“This will be tough and there’s no way around that.”
That’s what Mark Zuckerberg, CEO of Meta, parent company of Facebook and Instagram, said yesterday in a memo announcing that the company plans to cut 10,000 workers starting today.
The organization’s latest cull comes not long after its last big downsizing in November, during which Meta slashed more than 11,000 jobs, or 13% of its workforce at the time.
Back then, Zuckberg said that the cuts were to “minimize the chance of having to do broad layoffs like this for the foreseeable future,” according to The Washington Post. “I obviously can’t sit here and promise you that nothing will happen in the future because it’s a very volatile environment,” he added. “But what I can say is that for where we are right now, that’s what I foresee.”
Apparently, Zuckerberg, who has proclaimed that 2023 would be a “year of efficiency,” did not envision that just four months later, the company would plan to eliminate almost the same number of people. Combined with last fall’s layoffs, the result is a 25% reduction in headcount.
It’s not yet clear what severance will be offered, but when the company conducted its November cuts, affected employees received 16 weeks of base pay plus two weeks for every year worked, as well as health insurance for six months.
The Removal of Recruiters
Notably, many of the initial layoffs during this round will impact recruiters. Zuckerberg wrote that in an effort to restructure and flatten the organization, Meta will be reducing hiring rates. “With less hiring,” he explained, “I’ve made the difficult decision to further reduce the size of our recruiting team. We will let recruiting team members know [today, Wednesday]. We expect to announce restructurings and layoffs in our tech groups in late April, and then our business groups in late May.”
Furthermore, the memo reveals that Meta expects to close around 5,000 additional open roles.
Once the restructuring is complete, which Zuckberg concedes may take up to a year in some parts of the org, the company will then lift hiring and transfer freezes.
The 2,200-word memo also outlines that the company plans to discontinue a slew of lower-priority projects, as well as convert many managers into individual contributors in an effort to flatten the organization. Numerous managers have only a few direct reports currently, so the goal will be for managers to have more subordinates, though generally no more than 10.
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An Industrywide Plague
Meta is hardly the only tech firm trimming its staff. Giants and smaller companies alike — from Amazon, Intel, Google, and Salesforce to Spotify, Vimeo, and DoorDash — have been on a slashing spree over the past half year especially.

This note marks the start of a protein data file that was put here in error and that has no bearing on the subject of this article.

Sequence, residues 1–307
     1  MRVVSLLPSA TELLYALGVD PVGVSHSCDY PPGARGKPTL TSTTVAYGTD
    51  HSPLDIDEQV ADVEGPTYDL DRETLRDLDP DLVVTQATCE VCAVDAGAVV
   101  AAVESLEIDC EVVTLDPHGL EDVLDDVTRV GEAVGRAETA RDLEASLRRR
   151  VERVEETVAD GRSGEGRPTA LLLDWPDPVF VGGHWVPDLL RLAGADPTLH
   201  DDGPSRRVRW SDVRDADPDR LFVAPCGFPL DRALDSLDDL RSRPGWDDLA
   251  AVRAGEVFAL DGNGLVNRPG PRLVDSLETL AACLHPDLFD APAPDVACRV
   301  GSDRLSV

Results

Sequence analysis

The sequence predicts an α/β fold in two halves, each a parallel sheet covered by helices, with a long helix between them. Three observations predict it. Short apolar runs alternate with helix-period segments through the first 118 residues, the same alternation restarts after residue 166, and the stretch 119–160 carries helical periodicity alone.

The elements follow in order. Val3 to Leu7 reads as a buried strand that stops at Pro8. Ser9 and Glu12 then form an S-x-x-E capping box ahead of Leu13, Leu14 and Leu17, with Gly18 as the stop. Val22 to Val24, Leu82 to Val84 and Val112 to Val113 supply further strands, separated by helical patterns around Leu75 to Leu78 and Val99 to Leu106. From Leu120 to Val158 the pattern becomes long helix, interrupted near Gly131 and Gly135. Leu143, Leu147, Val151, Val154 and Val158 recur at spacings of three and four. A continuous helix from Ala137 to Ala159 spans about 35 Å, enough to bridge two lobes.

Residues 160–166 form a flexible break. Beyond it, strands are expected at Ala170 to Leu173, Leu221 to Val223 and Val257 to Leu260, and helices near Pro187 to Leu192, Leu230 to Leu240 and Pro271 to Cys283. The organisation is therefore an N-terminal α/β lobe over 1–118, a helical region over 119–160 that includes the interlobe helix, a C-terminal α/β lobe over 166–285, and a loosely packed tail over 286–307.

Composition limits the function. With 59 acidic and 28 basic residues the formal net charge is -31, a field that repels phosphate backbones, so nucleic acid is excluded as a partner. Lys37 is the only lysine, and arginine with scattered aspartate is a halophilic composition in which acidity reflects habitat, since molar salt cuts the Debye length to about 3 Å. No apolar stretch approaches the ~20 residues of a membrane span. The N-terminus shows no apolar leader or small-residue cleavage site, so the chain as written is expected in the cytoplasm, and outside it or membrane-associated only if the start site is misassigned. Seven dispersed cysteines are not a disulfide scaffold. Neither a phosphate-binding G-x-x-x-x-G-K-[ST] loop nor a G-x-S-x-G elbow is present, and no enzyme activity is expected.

Layoffs.fyi indicates that since the beginning of last year, tech companies have shed more than 290,000 workers, more than any other industry. (Then, of course, there’s the recent collapse of Silicon Valley Bank to add to the woe.)
That companies will include recruiters in massive layoffs is understandable. But as Keirsten Greggs, founder of TRAP Recruiter, points out, “It seems like recruiters are often targeted disproportionately, which is one of the stupidest things you can do because when hiring eventually picks back up, you’ll end up facing really difficult challenges. You’ll have to hire enough recruiters, recruiting coordinators, people to manage onboarding, and other recruiting professionals to manage the volume. This will end up prolonging your hiring struggles.”
Rather than get rid of recruiting staff, Greggs recommends having them focus on work they otherwise had no time to do while previously having to fill an overload of roles. From getting paperwork in order to streamlining and enhancing processes Greggs suggests that “there’s a lot that recruiters can do to improve themselves and their departments so that they’ll be better prepared when hiring picks up.”
In the meantime, as Erin Sumner, a global director of human resources at DeleteMe, who was laid off from Facebook in November, told The New York Times, “People are entering a job market that is the worst I’ve ever seen. There’s a lot of uncertainty. There’s a lot of anger, and there’s the question many folks are asking: ‘How do you expect me to do work for the next two months while wondering if I will still have a job?’”
While many of Meta’s employees, particularly those in talent acquisition, may feel anxiety as a result of yesterday’s statement, investors are feeling more positively. Shortly after the announcement, Meta’s stock rose more than 6%.